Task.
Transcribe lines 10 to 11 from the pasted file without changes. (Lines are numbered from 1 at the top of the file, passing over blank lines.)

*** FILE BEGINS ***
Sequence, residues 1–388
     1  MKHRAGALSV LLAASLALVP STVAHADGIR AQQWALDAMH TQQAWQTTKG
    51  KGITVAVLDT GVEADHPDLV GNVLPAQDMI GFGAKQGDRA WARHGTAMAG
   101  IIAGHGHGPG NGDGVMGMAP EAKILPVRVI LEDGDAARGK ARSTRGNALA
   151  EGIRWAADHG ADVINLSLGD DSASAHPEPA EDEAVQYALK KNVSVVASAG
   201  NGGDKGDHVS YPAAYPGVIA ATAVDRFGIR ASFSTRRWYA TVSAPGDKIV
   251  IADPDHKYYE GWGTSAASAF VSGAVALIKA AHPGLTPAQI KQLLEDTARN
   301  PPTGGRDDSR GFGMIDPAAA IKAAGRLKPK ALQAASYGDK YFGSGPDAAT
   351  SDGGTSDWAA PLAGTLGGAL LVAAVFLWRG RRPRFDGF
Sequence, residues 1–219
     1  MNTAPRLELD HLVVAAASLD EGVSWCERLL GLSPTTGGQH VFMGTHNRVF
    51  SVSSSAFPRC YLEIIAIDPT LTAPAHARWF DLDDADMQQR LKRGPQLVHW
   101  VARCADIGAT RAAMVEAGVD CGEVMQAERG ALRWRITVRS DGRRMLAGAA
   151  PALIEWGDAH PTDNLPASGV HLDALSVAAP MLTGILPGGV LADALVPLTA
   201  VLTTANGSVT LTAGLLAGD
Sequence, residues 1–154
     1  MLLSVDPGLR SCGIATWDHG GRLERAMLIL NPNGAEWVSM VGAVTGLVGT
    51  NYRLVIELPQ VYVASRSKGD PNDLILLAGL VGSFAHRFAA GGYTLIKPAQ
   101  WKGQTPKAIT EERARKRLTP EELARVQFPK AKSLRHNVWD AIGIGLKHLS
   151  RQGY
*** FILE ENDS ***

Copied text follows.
Sequence, residues 1–219
     1  MNTAPRLELD HLVVAAASLD EGVSWCERLL GLSPTTGGQH VFMGTHNRVF